Here’s How Security Can Drive Automated Vehicle Innovation

As director of strategic planning and production management for Intel’s Transportation Solutions Division, one thing I am particularly excited about these days is the future of automated vehicles. Advances we’re making in connected car technologies have tremendous potential to change our lives and societies for the better. Just imagine it: zero accidents, reduced congestion in the world’s most polluted cities and mobility for all.

Here at Intel, we’ve identified three key pillars that will guide us on the road to an automated vehicle future: the car (including in-vehicle computing and human-machine interfaces, or HMIs), the cloud and data center, and the communications that connect them, specifically 5G. Paramount to each of these pillars is security.

Yet while opportunity awaits, many automakers are still struggling to fuse together automated vehicle platform security. Today’s operating systems and automotive applications can have more than 100 million lines of code, making it challenging for an automaker to ensure that software is secure. Usually, there is an expectation that software will have a defect rate of 0.75 per function point, of which some percentage will cause security vulnerabilities. Agile product life cycle methodologies allow for collective learned enhancements (like maps, traffic data, parking and enhanced visual and cognitive acuity via deep learning updates), security patches and service upgrades with secure software over the air (SOTA) updates.

 

Architecting Security

An automated BMW dashboard with hands-off steering.

The Intel ecosystem is working to build resilient security and in-depth architecture, starting at the silicon level and extending to the operating system. Together, we’re protecting communication channels between devices and to the automotive data center for trusted software updates and secure downloads of maps and other navigational information. This fits right into what I consider to be some overall best practices for designing a secure automated driving environment. Along with that, we’re analyzing risk, combining functional safety and security teams, and architecting for requirements.

People can sometimes underestimate how broad a topic automotive security is, from initial design phases through manufacturing and production. By starting early and doing a holistic analysis, you can analyze threats and identify risks, then you can prioritize those risks and focus on hardening your architecture and solution. But it’s an industry and ecosystem challenge. No single company can solve automotive cybersecurity on its own.

 

Securing the Ride

A stock image tries to recreate the mood of Michelangelo's "The Creation of Adam" by having a person touch a computer screen.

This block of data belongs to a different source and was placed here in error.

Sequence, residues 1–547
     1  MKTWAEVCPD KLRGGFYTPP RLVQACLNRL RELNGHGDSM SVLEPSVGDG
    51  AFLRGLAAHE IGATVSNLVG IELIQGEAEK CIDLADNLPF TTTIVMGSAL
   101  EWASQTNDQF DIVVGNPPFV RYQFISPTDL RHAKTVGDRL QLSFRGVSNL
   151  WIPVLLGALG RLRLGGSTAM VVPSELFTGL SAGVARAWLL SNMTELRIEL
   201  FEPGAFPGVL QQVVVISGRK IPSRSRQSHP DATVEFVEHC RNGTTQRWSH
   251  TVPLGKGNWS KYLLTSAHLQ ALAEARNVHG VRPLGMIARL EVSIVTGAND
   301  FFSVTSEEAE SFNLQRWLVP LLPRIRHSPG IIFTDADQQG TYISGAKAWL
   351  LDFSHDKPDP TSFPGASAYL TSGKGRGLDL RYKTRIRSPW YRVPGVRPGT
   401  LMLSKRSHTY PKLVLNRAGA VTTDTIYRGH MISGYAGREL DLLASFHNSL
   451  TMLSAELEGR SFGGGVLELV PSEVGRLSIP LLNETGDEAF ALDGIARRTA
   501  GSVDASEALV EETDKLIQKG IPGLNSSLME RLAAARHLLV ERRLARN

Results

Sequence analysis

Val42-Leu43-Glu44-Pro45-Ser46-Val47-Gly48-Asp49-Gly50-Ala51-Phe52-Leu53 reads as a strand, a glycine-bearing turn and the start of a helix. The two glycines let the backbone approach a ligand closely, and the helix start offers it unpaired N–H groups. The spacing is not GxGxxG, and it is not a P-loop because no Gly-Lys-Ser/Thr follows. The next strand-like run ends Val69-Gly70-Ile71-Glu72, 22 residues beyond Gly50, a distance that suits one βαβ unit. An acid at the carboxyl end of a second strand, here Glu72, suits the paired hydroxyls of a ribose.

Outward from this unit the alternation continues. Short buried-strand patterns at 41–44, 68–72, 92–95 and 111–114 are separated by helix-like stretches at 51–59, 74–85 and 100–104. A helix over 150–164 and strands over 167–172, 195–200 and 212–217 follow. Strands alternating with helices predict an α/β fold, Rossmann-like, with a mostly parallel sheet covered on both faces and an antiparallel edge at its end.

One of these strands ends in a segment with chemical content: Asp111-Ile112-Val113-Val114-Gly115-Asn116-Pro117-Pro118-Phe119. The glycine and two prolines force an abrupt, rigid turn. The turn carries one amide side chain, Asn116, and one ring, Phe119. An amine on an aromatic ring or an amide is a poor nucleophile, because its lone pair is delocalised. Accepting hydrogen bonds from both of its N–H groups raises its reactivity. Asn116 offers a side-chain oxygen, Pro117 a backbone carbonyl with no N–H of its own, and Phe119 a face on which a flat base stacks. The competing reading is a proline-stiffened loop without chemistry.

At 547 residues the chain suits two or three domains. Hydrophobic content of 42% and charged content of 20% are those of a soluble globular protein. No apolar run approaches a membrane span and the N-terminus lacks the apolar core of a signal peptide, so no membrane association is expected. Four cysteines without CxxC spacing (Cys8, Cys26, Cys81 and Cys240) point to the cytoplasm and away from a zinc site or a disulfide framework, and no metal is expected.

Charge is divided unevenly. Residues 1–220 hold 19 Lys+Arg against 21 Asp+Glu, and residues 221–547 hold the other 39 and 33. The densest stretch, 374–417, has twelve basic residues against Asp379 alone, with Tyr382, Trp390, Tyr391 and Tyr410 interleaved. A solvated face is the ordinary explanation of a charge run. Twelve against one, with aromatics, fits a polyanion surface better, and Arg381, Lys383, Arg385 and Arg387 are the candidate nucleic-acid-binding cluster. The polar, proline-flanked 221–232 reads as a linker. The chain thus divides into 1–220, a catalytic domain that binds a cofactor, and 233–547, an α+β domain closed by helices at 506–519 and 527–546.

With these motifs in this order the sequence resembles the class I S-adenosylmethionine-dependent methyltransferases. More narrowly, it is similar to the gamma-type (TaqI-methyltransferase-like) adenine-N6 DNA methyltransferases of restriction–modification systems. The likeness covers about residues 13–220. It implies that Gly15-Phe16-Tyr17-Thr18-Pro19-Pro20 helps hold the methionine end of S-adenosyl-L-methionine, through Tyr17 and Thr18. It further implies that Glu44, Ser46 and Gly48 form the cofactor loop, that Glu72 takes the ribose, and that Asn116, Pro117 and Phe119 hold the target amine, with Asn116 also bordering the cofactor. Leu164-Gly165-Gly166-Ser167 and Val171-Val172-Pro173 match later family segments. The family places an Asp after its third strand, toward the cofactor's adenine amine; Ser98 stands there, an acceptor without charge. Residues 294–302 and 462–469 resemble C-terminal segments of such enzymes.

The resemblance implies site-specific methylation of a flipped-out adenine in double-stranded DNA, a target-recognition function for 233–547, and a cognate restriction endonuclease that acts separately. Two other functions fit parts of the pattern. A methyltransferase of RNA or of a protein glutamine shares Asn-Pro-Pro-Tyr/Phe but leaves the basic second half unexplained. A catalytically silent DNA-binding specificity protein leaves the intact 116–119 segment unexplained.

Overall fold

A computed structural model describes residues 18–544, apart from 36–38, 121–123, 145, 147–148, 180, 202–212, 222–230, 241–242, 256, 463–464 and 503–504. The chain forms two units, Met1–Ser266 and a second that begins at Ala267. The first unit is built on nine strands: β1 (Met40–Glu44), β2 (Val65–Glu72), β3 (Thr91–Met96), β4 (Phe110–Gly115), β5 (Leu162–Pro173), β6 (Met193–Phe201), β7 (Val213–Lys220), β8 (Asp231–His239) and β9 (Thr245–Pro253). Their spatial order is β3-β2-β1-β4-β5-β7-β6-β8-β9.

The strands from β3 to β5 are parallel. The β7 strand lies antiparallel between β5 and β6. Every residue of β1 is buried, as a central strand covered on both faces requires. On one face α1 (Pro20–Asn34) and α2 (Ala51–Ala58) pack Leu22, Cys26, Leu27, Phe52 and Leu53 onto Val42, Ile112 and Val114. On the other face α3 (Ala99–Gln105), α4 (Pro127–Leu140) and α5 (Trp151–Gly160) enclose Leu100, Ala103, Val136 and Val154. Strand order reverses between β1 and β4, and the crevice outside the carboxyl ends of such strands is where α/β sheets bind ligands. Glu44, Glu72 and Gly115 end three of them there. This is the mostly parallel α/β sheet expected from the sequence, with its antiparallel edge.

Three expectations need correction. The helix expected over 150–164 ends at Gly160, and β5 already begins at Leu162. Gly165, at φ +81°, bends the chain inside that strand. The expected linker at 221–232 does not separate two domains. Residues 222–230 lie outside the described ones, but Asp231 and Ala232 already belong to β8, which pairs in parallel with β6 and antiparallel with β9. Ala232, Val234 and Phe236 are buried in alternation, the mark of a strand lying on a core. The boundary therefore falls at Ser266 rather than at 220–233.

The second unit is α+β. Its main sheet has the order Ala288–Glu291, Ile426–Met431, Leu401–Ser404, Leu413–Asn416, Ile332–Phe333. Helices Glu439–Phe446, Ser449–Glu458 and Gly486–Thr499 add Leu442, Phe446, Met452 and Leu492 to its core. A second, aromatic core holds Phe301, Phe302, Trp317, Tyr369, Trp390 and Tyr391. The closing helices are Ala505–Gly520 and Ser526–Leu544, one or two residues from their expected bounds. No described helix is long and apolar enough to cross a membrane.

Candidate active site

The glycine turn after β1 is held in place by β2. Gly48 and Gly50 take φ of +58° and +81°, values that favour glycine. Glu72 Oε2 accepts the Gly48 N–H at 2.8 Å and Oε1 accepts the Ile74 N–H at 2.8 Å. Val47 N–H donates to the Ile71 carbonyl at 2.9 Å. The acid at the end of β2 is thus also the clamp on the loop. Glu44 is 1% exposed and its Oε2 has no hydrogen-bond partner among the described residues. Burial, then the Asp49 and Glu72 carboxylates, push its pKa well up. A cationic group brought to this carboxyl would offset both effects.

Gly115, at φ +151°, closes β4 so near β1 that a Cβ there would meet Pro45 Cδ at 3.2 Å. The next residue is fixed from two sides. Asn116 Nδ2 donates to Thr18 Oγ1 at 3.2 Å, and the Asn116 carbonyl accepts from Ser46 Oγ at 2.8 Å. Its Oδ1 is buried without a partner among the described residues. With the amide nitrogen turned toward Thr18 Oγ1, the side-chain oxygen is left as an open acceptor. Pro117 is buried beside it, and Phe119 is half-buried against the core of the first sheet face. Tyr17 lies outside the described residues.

Historically, all existing security technologies evolve to address threats of their time. For example, intrusion detection systems (IDS) evolved in the 1980s in response to the proliferation of viruses and worms on personal computers, and public key cryptography was invented in the 1970s to secure network communications.

Today, we are doing research into new security technology that can help protect cyberphysical systems. This new technology will allow detection of security failures and will be able to self-recover or self-heal. It will also incorporate elements of artificial intelligence to create necessary levels of resiliency.

 

Driving toward the Future

A man lets his new road trip buddy, his automated vehicle, take over the driving.

Looking ahead, we are setting new standards and defining future architectures for safe, secure transportation that spans the vehicle, communications and data center. With cross-company technology and product leadership across IoT, data center, Intel Security, Wind River Systems, Intel Labs, and our new acquisitions of Nervana, Arynga, Itseez and YOGITECH in particular, Intel is uniquely positioned to prepare automakers and suppliers for the amazing future of transportation. And with our continued commitment to scalable, end-to-end security solutions, the Intel IoT ecosystem is providing layered protection from chip to cloud for a safer tomorrow.

To learn more about the road ahead for connected transportation, visit intel.com/automotive. For more on Intel IoT developments, subscribe to our RSS feed for email notifications of blog updates, or visit intel.com/IoTLinkedInFacebook and Twitter.

 

Craig Hurst

About Craig Hurst

Craig Hurst is the Director of Strategic Planning and Product Management within Intel’s Transportation Solutions Division. He is responsible for transportation HW and SW roadmaps, ecosystem strategies, GTM plans and overall platform success across the connected transportation and logistics, software defined cockpit, and Advanced Driver Assistance Systems (ADAS) and Autonomous Driving segments. Craig’s team is responsible for both the long term vision and strategy that maximize market value for safer and smarter driving as well as the near term product management and delivery of products that thrill and excite customers. Craig has held various director roles for strategy, marketing, and product management at Intel in divisions ranging from SW developer products, healthcare devices, and networking. His passion is to inspire innovation for new products, segments, and business models. In his ~20 years at Intel, Craig has helped deliver dozens of new products to market, many winning industry awards (including Intel’s first direct to consumer retail product, the world’s first UPnP certified residential gateway, Intel’s first FDA approved product, and Intel® RealSense™ Technology). When not at work, Craig enjoys fishing, waterskiing, travel, and perfecting a new BBQ or kitchen recipe. Craig holds a BSEE from Seattle University, and Certificate of Business Excellence from U.C. Berkeley.

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